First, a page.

Where could I find information on how these tests are actually carried out?

    I will take some time to digest what is here and see if I can put it together a coherent statement, on what the reason for the bias is. The penny is yet to drop, but maybe I am closer.
     
    Last edited: Nov 29, 2017
  16. Anon Ymous

    Anon Ymous Member

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    Ted, are you sure that what you're trying to make makes sense? In theory, it seems to do, but reality is more complicated IMHO. It seems to me that you underestimate the effect development does. There's probably much variation caused by different formulations, underreplenished chemicals, unreplenished and reused chemicals and whatnot. Regardless of that, paper A differs from paper B, so what exactly is the "right" result? It's negative film, it is open to interpretation I guess. And we haven't even touched the technicalities and pitfalls that scanning involves.
     
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    Ted Baker

    Ted Baker Member

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    Am I sure that I will be successful? no. :smile: However the problem has already been solved, IT IS already very well "understood", at least in terms of existing software solutions, so It can be done!
     
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  18. WilmarcoImaging

    WilmarcoImaging Member

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    Ted, I think your goal seems to address a gap in the market for small/individual professionals and advanced amateurs or hobbyists. Do you think the technology behind the Fuji Frontier 350/370 equipment (analog film input to digital paper print) is similar to the technology you are striving for?

    Maybe some of the technology/philosophy/algorithms there are applicable.
     
  19. Photo Engineer

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    Ted, this set of curves is correct but leaves out individual dyes because of the masking. It is also why the curves drop in Dmax from 400 to 600 nm. That is the orange mask.

    What tests? We do flashed and step interimage as I showed above and read them with a densitometer. That's it. The actual data is reduced to readable images directly for integral and via matrix algebra for analytical.

    PE
     
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    Ted Baker

    Ted Baker Member

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    That IS the entire film market no? :smile: I perhaps foolish think it reasonably easy to make some improvements to the status quo.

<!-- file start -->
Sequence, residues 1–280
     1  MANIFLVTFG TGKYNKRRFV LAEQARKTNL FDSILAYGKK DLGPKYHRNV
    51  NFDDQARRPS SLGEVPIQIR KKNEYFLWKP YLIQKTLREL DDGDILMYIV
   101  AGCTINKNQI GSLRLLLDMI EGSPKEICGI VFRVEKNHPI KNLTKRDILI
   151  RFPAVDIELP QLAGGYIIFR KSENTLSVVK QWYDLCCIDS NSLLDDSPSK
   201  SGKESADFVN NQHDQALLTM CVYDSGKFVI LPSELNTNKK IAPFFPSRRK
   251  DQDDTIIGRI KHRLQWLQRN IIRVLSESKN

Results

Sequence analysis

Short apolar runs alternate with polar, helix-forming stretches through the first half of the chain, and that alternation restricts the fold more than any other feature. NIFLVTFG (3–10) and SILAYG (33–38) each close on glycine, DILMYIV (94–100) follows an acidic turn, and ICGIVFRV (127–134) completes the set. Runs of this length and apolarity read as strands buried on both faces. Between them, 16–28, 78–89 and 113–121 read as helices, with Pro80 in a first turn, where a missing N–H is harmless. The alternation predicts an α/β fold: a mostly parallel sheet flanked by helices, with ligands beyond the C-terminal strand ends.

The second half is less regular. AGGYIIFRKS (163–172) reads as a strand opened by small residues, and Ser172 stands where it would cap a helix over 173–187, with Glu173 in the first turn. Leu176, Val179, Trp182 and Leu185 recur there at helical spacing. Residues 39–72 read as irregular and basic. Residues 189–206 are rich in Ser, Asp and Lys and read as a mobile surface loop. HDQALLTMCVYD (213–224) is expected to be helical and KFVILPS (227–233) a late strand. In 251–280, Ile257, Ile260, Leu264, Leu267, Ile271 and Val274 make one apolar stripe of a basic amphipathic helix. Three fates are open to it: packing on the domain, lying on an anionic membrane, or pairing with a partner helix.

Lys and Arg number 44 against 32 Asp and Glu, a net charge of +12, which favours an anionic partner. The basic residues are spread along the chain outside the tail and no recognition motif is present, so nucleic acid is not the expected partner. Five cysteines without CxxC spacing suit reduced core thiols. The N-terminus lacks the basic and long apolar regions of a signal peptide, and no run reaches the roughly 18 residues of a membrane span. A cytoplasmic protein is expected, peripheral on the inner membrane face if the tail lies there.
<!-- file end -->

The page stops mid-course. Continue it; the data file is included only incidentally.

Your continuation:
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    Ted Baker

    Ted Baker Member

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    Possibly all three, but I think the details of how the characteristic curve are created is important:

    i.e. is it an integral measurement? I am now guessing it is, which would account for the bias in the gamma

    Basically I yet to form a clear picture of why the bias exists in the negative, and why it does not seem to exist in the paper. Though I am guessing that it is because the dyes in the paper are more saturated, and thus do not interfere with each other in the same ways the dyes in the film do.
     
  22. The bias is used to compensate for some color deficiencies by over compensating and then during printing not taking all of the over compensating out.
     
  23. Photo Engineer

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    Ted, a curve is created by means of a sensitometer. This exposes film to simulated daylight or tungsten light and creates a 21 step scale with 0.15 LogE increments. The film is then balanced to create a neutral to the desired light source. At the same time the interimage exposures are made to insure proper print quality using the method Sirius Glass described above. Everything is choreographed such that the film and the print give a neutral and colors which are reproduced as close to the original as possible. To do this we use a spectrometer which measures transmission or reflection density at wavelengths from 400 to 700 nm. This is what creates the curves you posted for negative color film.

    We often use Munsell charts to verify different colors and we use special CIE graphs to check our colors.

    PE
     
  24. OP
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    Ted Baker

    Ted Baker Member

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    PE, thanks for your help, however I think now my question has gotten a little lost, with no clear demonstrable answer.

    It may help if take a step back and prepare simple transform of simulated daylight exposures of a white card, tracing it through the intensities of the original scene, through to the density on the negative, through to the final densities on the paper. It is not yet clear to me from looking at the graphs where the bias disappears.
     
  25. Photo Engineer

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    There is a clear answer, but it takes much study and much math.

    PE
     
  26. alanrockwood

    alanrockwood Member

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    I wonder if a spectrometer might be useful to help characterize films. Something I learned a few days ago is that one can use a compact disc as a grating to separate light into a spectrum. From this knowledge one can build a spectrometer. There are several pages on the internet that discuss this.